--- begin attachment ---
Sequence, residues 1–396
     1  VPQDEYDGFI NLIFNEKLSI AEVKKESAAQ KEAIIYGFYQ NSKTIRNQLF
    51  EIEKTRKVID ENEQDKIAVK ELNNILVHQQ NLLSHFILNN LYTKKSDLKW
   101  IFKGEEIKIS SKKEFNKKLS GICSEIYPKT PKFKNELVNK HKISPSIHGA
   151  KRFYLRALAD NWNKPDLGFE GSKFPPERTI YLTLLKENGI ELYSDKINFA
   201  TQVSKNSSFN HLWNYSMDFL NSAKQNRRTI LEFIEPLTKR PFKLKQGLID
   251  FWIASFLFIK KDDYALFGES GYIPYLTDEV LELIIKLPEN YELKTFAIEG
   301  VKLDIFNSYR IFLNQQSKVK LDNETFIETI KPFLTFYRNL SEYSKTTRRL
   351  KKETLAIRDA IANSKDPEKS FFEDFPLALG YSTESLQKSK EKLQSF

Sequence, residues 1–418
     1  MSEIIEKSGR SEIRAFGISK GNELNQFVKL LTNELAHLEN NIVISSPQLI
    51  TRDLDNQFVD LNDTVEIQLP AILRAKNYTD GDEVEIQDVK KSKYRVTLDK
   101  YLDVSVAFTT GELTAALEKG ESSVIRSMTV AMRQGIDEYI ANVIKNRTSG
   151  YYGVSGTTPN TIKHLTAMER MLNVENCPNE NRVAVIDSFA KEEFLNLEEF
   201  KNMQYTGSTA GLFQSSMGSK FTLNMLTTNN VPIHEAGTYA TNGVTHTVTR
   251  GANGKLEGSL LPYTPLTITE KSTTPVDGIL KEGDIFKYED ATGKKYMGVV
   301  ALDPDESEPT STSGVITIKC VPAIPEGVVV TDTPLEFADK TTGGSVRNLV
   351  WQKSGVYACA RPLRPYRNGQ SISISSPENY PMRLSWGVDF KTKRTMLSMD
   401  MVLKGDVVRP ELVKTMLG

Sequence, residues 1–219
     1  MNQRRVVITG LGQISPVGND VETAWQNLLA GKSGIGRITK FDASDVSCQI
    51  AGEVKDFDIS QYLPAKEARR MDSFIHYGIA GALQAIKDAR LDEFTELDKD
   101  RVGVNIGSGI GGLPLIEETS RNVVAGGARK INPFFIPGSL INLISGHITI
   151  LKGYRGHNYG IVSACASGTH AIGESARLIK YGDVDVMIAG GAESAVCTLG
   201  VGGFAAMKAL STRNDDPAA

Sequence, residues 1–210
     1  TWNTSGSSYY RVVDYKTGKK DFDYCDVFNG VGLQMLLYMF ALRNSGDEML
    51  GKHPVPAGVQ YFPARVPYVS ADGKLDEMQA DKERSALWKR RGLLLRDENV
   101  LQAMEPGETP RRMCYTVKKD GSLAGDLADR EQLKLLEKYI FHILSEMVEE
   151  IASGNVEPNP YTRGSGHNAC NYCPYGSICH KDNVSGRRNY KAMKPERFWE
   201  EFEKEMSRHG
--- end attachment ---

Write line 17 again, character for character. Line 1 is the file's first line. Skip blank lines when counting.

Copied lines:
   301  ALDPDESEPT STSGVITIKC VPAIPEGVVV TDTPLEFADK TTGGSVRNLV